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Eating the Past

Halfway through eating a Kalibo (what is commonly known as “saba” banana) this morning, I paused. A grandparent’s voice was stage whispering into my ear: do not forget that long thread-like thing in the middle of the fruit. When we were small, we were not allowed to eat that part, which is the place where the seeds cluster. That part was supposed to cause indigestion as it is tough. You do this only with saba bananas that are boiled: those cooked in sugar are left untouched.

The fact is there was a sense of fastidiousness in how our grandparents and their parents dealt with fruits and other products of nature.

For pregnant women, or those who have begun conceiving, it is a taboo to eat any kind of bananas that are “dingin” (in Ticao language) or twins. The obvious reason is the mother will then give birth to twins, whose delivery will not necessarily be easy. But there is a scarier warning about eating conjoined (like Siamese twins) bananas. One could end up having a baby with grotesquely shaped hands and fingers. In some towns, abnormal growth of baby’s fingers is attributed to eating bananas that are either attached to each other or grew in a gross manner.

“Langka” or jackfruit is a favored fruit in Luzon. And in Visayas, for that matter. When one goes to Mindanao, there is always an attempt to lump this fruit with one that has more notoriety - the durian. But those who swear by the name of the scented langka, will insist that where durian is preceded by its unusual (this is an understatement) smell, the fans of langka will insist it is one of the finely scented fruits in the Philippines, second only perhaps to the venerable Manga. No one could hide at all the said two fruits.

If Americans have their scent of apples to augur a season of longing and happiness, we have the langka and the manga to remind us of farms and open fields, of gurgling spring and lazy afternoons.

A grandfather figures well among my siblings. He was our Lolo Amboy, father of our father. He never visited us without a sack of fruits. All coming from his own - our own - farm across the Buhi lake. We only knew it by a name that spelled distance - “sa may sapa,” or right where the stream was.

No one among us ever reached that place. We relied on our father’s memory and our uncles who, when visiting, would recall their childhood in that place.

There, at the stream, grew Santol, Pili and, the most exotic (even for a farm boy) of them all, the Kamagong. Except for santol, the two trees were known to be tall. In the 70s, when the transportation from Buhi to Naga, the city where we lived then, was still difficult, Lolo Amboy managed not only to make regular visits but to bring a sackful of fruits. He had the sweetest Santol fruits when the variety was not yet attributed to Thailand and other neighboring Asian orchards. When taken out of the sack, they would fill a huge nigo (a circular basket) and our young aunts would feast on them - to our exclusion. Santol again could cause stomach aches for young children. We managed to eat one piece each. But the Kamagong was something else. It was only a few years ago that I learned its English name - velvet apple. It is a reference to its shape and its outer skin, which really felt like a reddish-purplish velvet. It has a distinct smell and our aunts were unanimous in declaring not to their liking. The result: I developed a fondness for it.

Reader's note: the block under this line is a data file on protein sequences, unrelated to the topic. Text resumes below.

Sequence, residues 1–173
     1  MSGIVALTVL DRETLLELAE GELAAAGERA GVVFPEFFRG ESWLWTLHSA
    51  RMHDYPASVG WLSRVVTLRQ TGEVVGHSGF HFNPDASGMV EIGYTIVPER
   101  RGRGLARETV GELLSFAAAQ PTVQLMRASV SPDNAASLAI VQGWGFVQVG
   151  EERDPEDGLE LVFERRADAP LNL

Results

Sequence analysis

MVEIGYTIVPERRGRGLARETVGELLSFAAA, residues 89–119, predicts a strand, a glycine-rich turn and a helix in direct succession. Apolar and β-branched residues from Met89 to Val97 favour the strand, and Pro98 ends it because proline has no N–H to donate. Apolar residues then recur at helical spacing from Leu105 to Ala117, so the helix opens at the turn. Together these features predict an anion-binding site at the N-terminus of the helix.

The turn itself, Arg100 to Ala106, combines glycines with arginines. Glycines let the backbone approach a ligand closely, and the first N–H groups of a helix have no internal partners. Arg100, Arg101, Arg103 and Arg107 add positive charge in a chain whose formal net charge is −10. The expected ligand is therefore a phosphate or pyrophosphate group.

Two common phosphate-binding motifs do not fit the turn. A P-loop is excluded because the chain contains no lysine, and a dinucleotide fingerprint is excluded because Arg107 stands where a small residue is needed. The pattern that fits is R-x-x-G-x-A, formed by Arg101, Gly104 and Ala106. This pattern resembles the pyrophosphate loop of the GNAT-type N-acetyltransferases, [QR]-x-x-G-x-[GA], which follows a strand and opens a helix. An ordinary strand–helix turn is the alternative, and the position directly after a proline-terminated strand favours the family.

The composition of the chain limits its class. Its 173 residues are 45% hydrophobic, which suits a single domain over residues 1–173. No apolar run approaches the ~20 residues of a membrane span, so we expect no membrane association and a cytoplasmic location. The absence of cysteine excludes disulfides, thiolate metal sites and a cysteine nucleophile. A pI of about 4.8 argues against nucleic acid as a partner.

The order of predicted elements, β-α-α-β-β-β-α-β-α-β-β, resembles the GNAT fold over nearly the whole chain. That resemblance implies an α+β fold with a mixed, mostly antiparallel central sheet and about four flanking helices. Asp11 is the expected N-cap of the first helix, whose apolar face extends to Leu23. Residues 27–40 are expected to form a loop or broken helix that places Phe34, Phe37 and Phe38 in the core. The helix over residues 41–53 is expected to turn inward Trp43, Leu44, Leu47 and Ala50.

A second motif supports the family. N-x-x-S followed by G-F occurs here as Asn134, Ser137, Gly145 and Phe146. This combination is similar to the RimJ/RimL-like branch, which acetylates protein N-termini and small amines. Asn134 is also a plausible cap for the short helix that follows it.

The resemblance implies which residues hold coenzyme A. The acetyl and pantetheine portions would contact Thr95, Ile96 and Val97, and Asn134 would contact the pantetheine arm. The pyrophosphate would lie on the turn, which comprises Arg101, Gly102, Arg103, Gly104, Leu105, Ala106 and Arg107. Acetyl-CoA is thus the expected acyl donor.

For every person who doubts my gustatory courage when it comes to dealing with Durian, there is always the Kamagong fruit to come to my defense.

A slow-growing tree, the Kamagong is considered an endangered species. When my grandfather passed on, and the management of the farm was informally turned over to an uncle, his first act was to chop all the trees from which all these fruits came. Up to now, we do not know the reason for that decision.

I thus call them our fruits of memories.

When our Lolo Ambo died, a death ritual was performed and it had to do with fruits and fruit-bearing trees again. As he was a betel nut-chewer, my aunts on the father side gathered all his implements for chewing: the metal box and the areca nut, the betel leaves, and slaked lime, which is either crushed or in powder form. These were buried under a bench that was propped up in front of the main door of the ancestral house by the lake.

The house is gone now, but deep under that ground, are those objects which accompanied our grandfather as he traveled from the town to the place of giant trees, near the stream, under an ancient volcano with a collapsed crater.


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